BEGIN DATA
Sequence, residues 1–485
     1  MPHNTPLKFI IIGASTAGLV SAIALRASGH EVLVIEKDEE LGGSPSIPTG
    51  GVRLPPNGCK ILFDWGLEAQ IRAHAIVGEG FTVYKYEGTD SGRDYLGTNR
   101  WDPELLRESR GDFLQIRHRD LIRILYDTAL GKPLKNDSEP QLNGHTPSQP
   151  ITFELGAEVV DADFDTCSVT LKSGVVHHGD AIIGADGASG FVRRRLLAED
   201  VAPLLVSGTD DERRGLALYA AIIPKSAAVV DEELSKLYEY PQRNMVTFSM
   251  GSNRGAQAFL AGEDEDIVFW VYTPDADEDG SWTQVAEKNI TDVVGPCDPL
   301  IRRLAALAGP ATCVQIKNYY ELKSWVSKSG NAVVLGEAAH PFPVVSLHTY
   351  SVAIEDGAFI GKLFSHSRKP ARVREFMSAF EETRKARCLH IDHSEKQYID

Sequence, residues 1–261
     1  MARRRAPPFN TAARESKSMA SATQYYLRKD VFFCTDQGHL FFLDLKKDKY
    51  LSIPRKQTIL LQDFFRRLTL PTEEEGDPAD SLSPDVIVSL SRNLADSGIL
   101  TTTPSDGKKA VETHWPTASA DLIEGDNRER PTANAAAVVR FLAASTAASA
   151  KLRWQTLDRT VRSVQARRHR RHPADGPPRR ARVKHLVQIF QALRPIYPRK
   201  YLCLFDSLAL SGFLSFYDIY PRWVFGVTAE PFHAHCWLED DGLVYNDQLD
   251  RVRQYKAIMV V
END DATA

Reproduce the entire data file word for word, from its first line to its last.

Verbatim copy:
Sequence, residues 1–485
     1  MPHNTPLKFI IIGASTAGLV SAIALRASGH EVLVIEKDEE LGGSPSIPTG
    51  GVRLPPNGCK ILFDWGLEAQ IRAHAIVGEG FTVYKYEGTD SGRDYLGTNR
   101  WDPELLRESR GDFLQIRHRD LIRILYDTAL GKPLKNDSEP QLNGHTPSQP
   151  ITFELGAEVV DADFDTCSVT LKSGVVHHGD AIIGADGASG FVRRRLLAED
   201  VAPLLVSGTD DERRGLALYA AIIPKSAAVV DEELSKLYEY PQRNMVTFSM
   251  GSNRGAQAFL AGEDEDIVFW VYTPDADEDG SWTQVAEKNI TDVVGPCDPL
   301  IRRLAALAGP ATCVQIKNYY ELKSWVSKSG NAVVLGEAAH PFPVVSLHTY
   351  SVAIEDGAFI GKLFSHSRKP ARVREFMSAF EETRKARCLH IDHSEKQYID

Sequence, residues 1–261
     1  MARRRAPPFN TAARESKSMA SATQYYLRKD VFFCTDQGHL FFLDLKKDKY
    51  LSIPRKQTIL LQDFFRRLTL PTEEEGDPAD SLSPDVIVSL SRNLADSGIL
   101  TTTPSDGKKA VETHWPTASA DLIEGDNRER PTANAAAVVR FLAASTAASA
   151  KLRWQTLDRT VRSVQARRHR RHPADGPPRR ARVKHLVQIF QALRPIYPRK
   201  YLCLFDSLAL SGFLSFYDIY PRWVFGVTAE PFHAHCWLED DGLVYNDQLD
   251  RVRQYKAIMV V